By Akin Ojumu | Sahara Reporters, 25 September 2014

It has been a hundred and sixty-four days since 276 Secondary School girls were abducted from the Chibok Government Girls Secondary School, in Chibok, Borno State, Nigeria, by the terrorist group, Boko Haram. 164 harrowing days of national shame!

For the stolen girls, it has been 164 days of hopes and dreams put on hold, and youthful innocence shattered. Since the April 14 abduction, the parents of these girls have gone to bed in tears, tossing and turning, unable to sleep. Mothers and fathers rise up at the dawn of each day drenched in the chilly sweat of fear, uncertain they’ll ever see their child alive again. As a country, it is 164 days of the nation’s hopes for tomorrow left at the mercy of every whim and caprice of cruel men.

For anyone, every single day in the hands of bloodthirsty cannibals can seem like a lifetime of nightmares. Yet, in that lifetime, the rest of the nation has carried on with their lives. The 270 teenagers from Chibok have become distant memories, confined to the recesses of the mind where the light of day doesn’t shine. While other Nigerians pursue their daily pleasures, the Chibok girls relive their nightmares every single waking moment since the day they were kidnapped from their school in the dead of the night.

In the 164 days since that fateful day in April, events that have unfolded lend credence to a well-known fact, that a weak and inept government rules Nigeria. A nation of 170 million people has, as its leader, an educated ignoramus, who is in over his head when it comes to governance and presidential leadership.

With the world watching askance, the response of the Nigerian government, to the kidnapping of 164 of its young and innocent citizens, has been characteristically riddled with fits and starts, marked with missteps and fumbling, thoughtlessness and downright cluelessness.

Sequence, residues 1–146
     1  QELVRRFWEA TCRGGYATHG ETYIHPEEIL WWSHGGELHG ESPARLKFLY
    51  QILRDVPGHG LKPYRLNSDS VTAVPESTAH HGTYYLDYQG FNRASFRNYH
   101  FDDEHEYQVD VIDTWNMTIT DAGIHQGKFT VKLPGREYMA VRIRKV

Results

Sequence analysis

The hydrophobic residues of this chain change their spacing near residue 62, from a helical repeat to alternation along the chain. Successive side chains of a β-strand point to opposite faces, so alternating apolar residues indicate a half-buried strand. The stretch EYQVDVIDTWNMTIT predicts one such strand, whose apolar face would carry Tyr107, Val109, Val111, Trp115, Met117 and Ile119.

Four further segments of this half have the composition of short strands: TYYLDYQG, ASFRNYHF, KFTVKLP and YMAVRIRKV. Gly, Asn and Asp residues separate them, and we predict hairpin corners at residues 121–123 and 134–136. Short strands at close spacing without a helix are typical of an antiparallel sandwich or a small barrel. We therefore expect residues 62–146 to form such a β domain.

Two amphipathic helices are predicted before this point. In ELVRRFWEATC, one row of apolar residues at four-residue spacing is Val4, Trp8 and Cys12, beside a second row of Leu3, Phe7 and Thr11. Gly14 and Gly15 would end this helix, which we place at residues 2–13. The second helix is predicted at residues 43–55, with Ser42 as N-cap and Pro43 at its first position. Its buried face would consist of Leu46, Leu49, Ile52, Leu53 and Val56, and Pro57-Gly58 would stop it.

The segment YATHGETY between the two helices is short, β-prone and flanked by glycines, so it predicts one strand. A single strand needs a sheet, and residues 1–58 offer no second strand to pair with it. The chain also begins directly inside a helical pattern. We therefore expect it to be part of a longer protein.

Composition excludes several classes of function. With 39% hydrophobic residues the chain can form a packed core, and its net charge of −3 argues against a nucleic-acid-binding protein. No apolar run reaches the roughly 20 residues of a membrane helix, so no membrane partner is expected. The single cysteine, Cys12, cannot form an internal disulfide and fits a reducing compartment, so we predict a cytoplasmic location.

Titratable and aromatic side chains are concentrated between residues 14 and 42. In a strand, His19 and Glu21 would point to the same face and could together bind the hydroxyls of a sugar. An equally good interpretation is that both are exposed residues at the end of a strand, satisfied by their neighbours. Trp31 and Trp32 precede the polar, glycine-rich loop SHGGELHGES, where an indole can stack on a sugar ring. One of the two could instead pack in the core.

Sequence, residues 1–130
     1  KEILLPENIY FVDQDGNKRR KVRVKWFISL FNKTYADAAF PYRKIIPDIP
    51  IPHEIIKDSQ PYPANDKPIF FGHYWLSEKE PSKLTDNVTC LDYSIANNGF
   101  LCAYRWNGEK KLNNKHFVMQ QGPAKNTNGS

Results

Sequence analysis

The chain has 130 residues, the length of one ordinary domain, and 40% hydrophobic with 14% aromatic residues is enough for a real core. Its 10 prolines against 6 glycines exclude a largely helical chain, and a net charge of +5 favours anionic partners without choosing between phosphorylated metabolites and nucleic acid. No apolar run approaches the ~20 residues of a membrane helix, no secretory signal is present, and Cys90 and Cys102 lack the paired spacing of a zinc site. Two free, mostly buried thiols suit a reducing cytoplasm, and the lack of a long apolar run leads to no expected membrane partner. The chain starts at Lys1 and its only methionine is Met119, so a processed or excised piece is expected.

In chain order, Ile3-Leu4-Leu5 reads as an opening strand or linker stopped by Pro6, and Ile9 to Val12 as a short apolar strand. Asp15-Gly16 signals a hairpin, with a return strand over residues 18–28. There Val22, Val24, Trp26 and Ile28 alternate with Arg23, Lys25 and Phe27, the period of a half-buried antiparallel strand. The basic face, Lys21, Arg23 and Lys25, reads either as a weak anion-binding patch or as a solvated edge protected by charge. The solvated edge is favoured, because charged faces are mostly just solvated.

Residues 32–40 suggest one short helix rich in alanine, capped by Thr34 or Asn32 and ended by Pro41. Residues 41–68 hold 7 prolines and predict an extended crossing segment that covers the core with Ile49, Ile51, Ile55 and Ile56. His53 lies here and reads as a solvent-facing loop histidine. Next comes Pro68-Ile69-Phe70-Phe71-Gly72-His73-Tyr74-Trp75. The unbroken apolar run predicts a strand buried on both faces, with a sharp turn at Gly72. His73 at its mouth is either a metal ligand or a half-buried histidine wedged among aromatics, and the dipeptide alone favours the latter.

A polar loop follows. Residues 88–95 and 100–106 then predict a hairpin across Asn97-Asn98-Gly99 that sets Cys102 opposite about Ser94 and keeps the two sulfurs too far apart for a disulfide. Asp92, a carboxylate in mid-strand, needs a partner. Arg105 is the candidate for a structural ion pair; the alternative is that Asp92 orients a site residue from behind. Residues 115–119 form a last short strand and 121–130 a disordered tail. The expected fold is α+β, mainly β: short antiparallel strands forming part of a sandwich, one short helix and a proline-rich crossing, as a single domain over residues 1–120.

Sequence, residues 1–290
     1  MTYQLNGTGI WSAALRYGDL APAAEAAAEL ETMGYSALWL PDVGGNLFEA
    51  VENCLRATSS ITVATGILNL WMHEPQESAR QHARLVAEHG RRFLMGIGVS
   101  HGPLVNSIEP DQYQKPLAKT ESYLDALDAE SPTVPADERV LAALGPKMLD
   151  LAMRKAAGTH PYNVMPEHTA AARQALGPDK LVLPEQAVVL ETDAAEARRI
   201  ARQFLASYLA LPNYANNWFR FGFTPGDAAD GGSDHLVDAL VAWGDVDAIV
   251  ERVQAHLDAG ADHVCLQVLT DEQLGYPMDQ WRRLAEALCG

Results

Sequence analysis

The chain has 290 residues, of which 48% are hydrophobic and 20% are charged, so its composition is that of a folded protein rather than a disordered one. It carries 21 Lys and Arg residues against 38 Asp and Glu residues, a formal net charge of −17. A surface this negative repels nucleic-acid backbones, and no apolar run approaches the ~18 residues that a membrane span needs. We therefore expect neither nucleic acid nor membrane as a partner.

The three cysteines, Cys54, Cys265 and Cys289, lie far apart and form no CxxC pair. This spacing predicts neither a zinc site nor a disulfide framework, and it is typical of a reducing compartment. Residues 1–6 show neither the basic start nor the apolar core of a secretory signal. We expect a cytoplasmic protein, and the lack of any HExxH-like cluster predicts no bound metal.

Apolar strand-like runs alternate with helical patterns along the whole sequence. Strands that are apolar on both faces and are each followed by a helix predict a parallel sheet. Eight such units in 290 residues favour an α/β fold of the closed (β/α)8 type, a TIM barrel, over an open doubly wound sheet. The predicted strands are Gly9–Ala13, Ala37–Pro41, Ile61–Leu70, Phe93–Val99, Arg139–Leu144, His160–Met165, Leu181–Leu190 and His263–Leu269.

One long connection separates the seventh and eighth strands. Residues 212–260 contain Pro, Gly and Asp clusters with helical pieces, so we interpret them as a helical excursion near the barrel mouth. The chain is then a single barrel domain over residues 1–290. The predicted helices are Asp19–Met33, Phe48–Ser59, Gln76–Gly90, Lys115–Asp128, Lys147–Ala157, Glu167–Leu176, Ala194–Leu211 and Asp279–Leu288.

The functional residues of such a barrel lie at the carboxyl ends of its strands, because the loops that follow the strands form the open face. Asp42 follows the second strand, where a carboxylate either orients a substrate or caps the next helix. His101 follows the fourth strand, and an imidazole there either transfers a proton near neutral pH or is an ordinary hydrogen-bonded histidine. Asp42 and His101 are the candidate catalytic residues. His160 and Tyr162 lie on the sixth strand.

Many days after the girls have been taken hostage, all that was heard from the Nigerian government, was an eardrum shattering silence. In fact, the very next day after the abduction, Mr. Goodluck Jonathan was seen dancing and partying at a political event in Kano, Nigeria, totally unconcerned about the fate of the kidnapped girls. The Nigerian Government remained in this curious state of catatonic stupor until the day the world rose up in collective anger, and the Twitter world erupted in hashtags of moral outrage.

The nation has since witnessed the national embarrassment of the “Dia ris God o, dis blood you shiarin” episode; the ill-advised and ill-fated crocodile tear-shedding stakeholder meeting on the abducted girls called by Mrs. Patience Jonathan. The Nigerian people have since become the laughingstock of the world.

Since the abduction, 57 of the girls have succeeded in escaping their captors, and the escapees have provided vital information to authorities as to the location of their captors. Despite the treasure troves of information, the Nigerian intelligence and security apparatus has displayed nothing but a lack of intelligence in their approach to rescuing the kidnapped girls. The Armed Forces of Nigeria, a nation that vaunts itself as the giant of Africa, has been rendered impotent and incompetent by a ragtag bunch of uneducated buffoons. The Nigerian military are left to grope in the dark, unable and incapable of taking the fight to the derelicts holding the Chibok girls hostage.

In other civilized nations, political leaders have lost their jobs as a result of episodes of much less magnitude than the kidnapping of 276 young schoolgirls, who have remained in captivity for 164 days without being rescued. Not so in Nigeria, where Mr. Goodluck Jonathan is seeking another 4-year term as President. From all indications, he will win re-election in a landslide fashion, in an election where the choice is between a dork – whose only qualification for office is being from the South – and a perennial Presidential candidate whose claim to the Presidency is for being a tyrannical retired Army General from the North, known for his Islamic fundamentalist tendency.

For how much longer will Nigerians continue to live in the state of denial, that theirs is a failing nation? How can a people so endowed by God continue to squander their potentials as a force for good in the world? Will Nigeria ever snap out of the insanity of doing the same thing over and over again and expecting a different result? When will the eyes of the people open to the shamefulness of their ways? Will Nigeria ever get it?

I hope they do. I pray to God they do.


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